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Prisk unveils new low carbon ‘routemap’ for built environment

Green building news - by GreenWise staff
23rd March 2012
A new 'routemap’ is being developed for the construction industry to show the overall required emissions reductions the built environment needs to achieve and the measures that will deliver them up to 2050.
The 'low carbon routemap', which is still at draft stage, aims to map out the built environment’s pathway to meeting the UK’s 2050 carbon reduction targets and will consider what actions might be required to do so as smoothly as possible.

Prisk unveiled the routemap this week, at the same time as he called on construction businesses that have expertise in the sustainable built environment sector to help create a 'knowledge database’ to guide the industry towards a low carbon path.

The routemap and the 'knowledge database’ are both initiatives of the Green Construction Board (GCB), which was set up last November to deliver the Government’s Low Carbon Construction Action Plan (LCCAP). 

"The purpose of the Green Construction Board has always been to create a platform for Government and industry to work side by side to help the built environment prepare for the transition to a low carbon economy, while harnessing the business opportunities that support growth along the way," Prisk, who is co-chair of the GCB, said.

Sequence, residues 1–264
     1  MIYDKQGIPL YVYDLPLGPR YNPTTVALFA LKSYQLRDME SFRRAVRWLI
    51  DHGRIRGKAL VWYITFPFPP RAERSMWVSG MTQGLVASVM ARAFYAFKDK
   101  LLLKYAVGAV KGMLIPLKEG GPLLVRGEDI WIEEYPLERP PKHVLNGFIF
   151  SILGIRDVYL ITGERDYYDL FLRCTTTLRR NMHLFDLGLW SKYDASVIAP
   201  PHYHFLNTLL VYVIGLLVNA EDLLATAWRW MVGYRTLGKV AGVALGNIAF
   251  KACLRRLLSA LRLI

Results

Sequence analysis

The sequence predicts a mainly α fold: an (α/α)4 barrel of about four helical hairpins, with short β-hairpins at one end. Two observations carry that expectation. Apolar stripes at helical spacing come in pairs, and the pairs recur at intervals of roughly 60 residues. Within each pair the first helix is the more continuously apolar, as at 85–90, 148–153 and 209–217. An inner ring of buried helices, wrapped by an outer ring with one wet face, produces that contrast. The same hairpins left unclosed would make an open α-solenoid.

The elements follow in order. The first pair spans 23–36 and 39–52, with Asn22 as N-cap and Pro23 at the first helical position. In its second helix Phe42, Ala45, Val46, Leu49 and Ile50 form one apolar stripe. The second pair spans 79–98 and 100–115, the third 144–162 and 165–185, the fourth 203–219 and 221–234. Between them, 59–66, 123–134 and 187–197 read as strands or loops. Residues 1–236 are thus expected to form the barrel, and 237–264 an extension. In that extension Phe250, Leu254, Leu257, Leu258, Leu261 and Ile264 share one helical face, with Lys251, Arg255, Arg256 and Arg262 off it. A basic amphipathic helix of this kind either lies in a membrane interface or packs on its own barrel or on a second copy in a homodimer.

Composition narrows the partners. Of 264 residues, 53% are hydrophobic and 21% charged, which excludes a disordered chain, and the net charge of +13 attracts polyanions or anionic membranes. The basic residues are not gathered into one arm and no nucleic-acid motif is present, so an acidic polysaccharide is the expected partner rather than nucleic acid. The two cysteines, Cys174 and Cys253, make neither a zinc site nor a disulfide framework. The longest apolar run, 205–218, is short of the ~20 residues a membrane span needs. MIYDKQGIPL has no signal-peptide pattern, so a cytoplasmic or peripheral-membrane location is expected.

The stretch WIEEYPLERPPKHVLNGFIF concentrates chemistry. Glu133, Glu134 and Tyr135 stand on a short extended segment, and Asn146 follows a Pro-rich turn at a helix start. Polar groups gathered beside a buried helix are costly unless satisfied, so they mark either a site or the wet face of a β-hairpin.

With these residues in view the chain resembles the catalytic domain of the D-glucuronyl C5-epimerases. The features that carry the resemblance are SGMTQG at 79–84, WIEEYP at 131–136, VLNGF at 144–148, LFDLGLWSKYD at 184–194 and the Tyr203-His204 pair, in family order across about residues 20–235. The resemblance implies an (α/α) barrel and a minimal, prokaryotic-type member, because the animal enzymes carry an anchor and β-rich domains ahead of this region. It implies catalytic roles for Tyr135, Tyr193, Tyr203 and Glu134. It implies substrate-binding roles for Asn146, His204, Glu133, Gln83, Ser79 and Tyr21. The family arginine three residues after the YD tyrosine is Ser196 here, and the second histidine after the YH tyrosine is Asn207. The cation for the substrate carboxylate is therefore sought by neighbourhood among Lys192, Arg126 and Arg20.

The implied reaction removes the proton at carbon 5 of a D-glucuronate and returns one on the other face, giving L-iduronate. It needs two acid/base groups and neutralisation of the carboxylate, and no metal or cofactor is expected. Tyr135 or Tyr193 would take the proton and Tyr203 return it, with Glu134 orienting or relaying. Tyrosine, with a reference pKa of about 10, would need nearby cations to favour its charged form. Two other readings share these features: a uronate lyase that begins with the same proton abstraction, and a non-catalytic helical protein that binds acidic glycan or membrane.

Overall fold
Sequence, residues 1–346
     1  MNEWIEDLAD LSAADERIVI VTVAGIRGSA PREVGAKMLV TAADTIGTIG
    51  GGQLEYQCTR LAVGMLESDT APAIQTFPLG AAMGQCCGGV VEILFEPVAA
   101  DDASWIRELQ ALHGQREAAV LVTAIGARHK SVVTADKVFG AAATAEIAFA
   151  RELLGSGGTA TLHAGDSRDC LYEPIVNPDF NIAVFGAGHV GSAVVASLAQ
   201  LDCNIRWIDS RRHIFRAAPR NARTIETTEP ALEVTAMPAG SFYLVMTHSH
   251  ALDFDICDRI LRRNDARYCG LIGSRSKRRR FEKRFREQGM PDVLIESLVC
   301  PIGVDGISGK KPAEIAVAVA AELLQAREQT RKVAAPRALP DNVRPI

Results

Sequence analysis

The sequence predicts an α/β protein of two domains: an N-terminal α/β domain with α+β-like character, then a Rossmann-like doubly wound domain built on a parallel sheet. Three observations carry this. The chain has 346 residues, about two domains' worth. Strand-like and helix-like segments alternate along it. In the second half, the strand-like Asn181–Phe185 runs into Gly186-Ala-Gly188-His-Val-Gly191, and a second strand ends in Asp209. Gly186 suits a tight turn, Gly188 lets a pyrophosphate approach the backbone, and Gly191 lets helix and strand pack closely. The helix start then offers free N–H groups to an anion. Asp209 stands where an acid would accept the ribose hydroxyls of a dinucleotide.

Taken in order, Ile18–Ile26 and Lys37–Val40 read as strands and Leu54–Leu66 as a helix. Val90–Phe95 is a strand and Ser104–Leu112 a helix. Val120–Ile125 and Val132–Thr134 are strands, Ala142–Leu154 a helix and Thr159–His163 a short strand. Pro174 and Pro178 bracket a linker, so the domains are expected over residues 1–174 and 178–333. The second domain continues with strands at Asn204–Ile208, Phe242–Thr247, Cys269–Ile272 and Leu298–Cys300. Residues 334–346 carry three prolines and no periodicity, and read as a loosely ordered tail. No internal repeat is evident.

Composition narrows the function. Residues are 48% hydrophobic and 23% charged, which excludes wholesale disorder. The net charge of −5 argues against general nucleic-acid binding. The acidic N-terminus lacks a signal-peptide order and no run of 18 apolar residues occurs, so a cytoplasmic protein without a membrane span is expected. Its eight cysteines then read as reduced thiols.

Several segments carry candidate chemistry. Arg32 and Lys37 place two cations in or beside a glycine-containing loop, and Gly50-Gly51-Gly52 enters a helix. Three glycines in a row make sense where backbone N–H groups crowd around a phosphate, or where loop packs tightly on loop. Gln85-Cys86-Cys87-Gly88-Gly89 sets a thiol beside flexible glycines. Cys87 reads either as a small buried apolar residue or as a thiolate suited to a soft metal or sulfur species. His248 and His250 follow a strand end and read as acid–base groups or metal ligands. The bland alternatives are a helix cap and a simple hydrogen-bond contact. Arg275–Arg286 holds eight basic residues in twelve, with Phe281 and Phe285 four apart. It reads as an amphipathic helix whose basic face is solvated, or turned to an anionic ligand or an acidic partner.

Low carbon routemap
The GCB said it aims to work collaboratively with external parties to develop the routemap, which it is aiming to complete by the end of the year. 

"We are publishing a framework for this routemap which is the central piece of work against which the board’s success and progress will be evaluated," Dan Labbad, ceo of Lend Lease and co-chair of the GCB, said.

Call for evidence
Meanwhile, evidence from the knowledge database will be used to underpin the key action points that the board is currently delivering as part of the LCCAP.

"What better way to find out what works best for the industry, in relation technology and performance, than to seek evidence from businesses themselves?" said Prisk. "Ultimately, we want our actions to make the most impact and to best suit the needs of the built environment and a call for evidence will help us to do just that."

The LCCAP is the Government’s response to a report delivered by its chief construction advisor Paul Morrell, over a year ago that concluded the construction industry was facing the largest change management programme since the Victorian times. The report made 65 recommendations, all of which were accepted by the Government. These included introducing minimum standards for existing buildings by mandating that all non-domestic buildings have an EPC-rating of F or better by 2020 and that the Government make it mandatory to post Display Energy Certificates in all non-domestic buildings.

To formally submit evidence to the Green Construction Board visit the BiS website.

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Prisk unveils new low carbon ‘routemap’ for built environment
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